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First Name: David

Last Name: Farragut

Birthplace: Lowe's Ferry, TN, USA

Gender: Male

Branch: Navy (present)


Middle Name: Glasgow

Date of Birth: 05 July 1801

Date of Death: 14 August 1870

Rank or Rate: Admiral

Years Served: 1810-70
David Glasgow Farragut

•  War of 1812
•  American Civil War (1861 - 1865)


David Glasgow Farragut
Admiral, U.S. Navy

David Glasgow Farragut was the youngest Midshipman ever commissioned in the U.S. Navy: He was nine years old. He was also the first Rear Admiral, Vice Admiral, and Admiral in the Navy. He is most remembered for his order at the Battle of Mobile Bay, usually paraphrased as: "Damn the torpedoes, full speed ahead!" by U.S. Navy tradition.

David (born James) Glasgow Farragut was born on 5 July 1801 at Lowe's Ferry on the Holston River, located a few miles southeast of Campbell's Station, near Knoxville, TN. He was born to George (a native of Minorca Spain) and Elizabeth Shine Farragut (of North Carolina Scots-Irish descent).

George (born Jorge) Farragut operated the Lowe's Ferry and also served as a cavalry officer in the Tennessee Militia. George became a Spanish merchant captain from Minorca, son of Antoni Farragut and Joana Mesquida. He joined the American Revolutionary cause after arriving in America in 1766, when he changed his first name to George. The Farraguts moved west to Tennessee after George finished serving in the American Revolution.

David's birth name was James. After his mother's death, in 1808 he agreed to living with, and being adopted by, David Porter, a naval officer whose father had been friends with his father, George. In 1812, James adopted the name David in honor of his adoptive father, with whom he went to sea late in 1810. David Farragut grew up in a naval family, as the adoptive brother of future Civil War Admiral David Dixon Porter and Commodore William D. Porter.

War of 1812

Through the influence of his adoptive father, at the age of nine, David Farragut was commissioned a Midshipman in the U.S. Navy on 17 December 1810. A Prize (a boat captured from an enemy) Master by the age of 12, Farragut fought in the War of 1812, serving in Captain David Porter's frigate USS Essex. The young midshipman quelled a mutiny by telling an assailant that he'd be thrown over the side if there was any trouble. Farragut participated in capture of HMS Alert on 13 August 1812 and then helped to establish America's first naval base and colony in the Pacific, named Madisonville. At the same time, the Americans battled the hostile tribes on the islands with the help of their Te I'i allies. Farragut was wounded and captured while serving on the Essex during the engagement at Valparaiso Bay, Chile, against the British on 28 March 1814.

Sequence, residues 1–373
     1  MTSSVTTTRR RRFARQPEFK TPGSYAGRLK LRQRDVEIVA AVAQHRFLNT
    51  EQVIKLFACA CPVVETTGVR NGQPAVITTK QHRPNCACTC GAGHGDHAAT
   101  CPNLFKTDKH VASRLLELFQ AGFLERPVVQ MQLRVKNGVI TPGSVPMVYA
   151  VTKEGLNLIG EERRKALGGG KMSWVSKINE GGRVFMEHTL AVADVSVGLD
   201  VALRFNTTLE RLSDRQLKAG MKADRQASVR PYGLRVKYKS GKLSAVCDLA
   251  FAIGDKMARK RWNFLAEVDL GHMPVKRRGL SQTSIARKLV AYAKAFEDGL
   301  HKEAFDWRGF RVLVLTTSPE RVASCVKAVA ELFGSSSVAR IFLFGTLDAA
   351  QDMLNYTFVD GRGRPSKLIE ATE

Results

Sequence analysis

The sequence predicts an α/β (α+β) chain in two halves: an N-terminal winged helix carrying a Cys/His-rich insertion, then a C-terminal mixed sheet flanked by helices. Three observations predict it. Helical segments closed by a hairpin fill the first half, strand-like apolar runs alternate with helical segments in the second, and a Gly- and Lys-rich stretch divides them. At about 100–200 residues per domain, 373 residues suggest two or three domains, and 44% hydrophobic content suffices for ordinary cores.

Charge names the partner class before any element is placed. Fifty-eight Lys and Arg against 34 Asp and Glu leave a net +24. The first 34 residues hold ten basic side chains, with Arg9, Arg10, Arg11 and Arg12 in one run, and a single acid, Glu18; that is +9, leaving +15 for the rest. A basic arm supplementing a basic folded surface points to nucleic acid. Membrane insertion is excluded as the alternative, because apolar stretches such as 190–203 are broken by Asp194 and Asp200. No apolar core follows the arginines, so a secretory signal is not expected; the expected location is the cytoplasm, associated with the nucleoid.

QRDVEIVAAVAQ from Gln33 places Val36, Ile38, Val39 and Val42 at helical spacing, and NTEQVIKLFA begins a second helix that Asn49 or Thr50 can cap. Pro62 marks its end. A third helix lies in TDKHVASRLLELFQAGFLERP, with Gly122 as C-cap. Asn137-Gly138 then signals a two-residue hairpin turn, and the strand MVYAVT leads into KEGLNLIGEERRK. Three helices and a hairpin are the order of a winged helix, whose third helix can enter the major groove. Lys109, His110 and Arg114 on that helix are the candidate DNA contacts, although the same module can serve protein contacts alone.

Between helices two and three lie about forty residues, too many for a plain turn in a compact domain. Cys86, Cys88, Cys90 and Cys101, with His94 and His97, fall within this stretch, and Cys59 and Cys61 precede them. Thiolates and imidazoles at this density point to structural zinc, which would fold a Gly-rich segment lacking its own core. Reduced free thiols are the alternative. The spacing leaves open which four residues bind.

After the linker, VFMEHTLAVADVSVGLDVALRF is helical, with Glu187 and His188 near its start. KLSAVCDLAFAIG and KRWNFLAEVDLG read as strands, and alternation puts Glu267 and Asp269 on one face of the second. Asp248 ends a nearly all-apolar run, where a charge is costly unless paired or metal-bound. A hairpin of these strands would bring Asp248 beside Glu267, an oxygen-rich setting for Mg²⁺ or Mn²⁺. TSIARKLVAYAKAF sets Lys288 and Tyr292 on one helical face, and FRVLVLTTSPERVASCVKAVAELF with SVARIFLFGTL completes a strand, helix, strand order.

West Indies Anti-Piracy Operations

Farragut was promoted to Lieutenant in 1822 during the operations against West Indies pirates and became a Commander in 1844 and a Captain in 1855.

Marriage and Family

After appointment and an initial cruise as acting Lieutenant commanding USS Ferret, Farragut married Susan Caroline Marchant. After years of ill-health, Susan Farragut died on 27 December 1840. Farragut was noted for his kindly treatment of his wife during her illness. After the death of his first wife, Farragut married Virginia Loyall on 26 December 1843, with whom he had one surviving son, Loyall Farragut, born 12 October 1844.

Mare Island Naval Yard

In 1853, Secretary of the Navy James C. Dobbin selected Commander David G. Farragut to create Mare Island Naval Shipyard. In August 1854, Farragut was called to Washington from his post as Assistant Inspector of Ordnance at Norfolk, VA. President Franklin Pierce congratulated Farragut on his naval career and the task he was to undertake. On 16 September 1854, Commander Farragut commissioned the Mare Island Naval Yard at Vallejo, CA. Mare Island became the port for ship repair on the West Coast. Captain Farragut left command of Mare Island on 16 July 1858 and then returned to a hero's welcome at Mare Island, on 11 August 1859.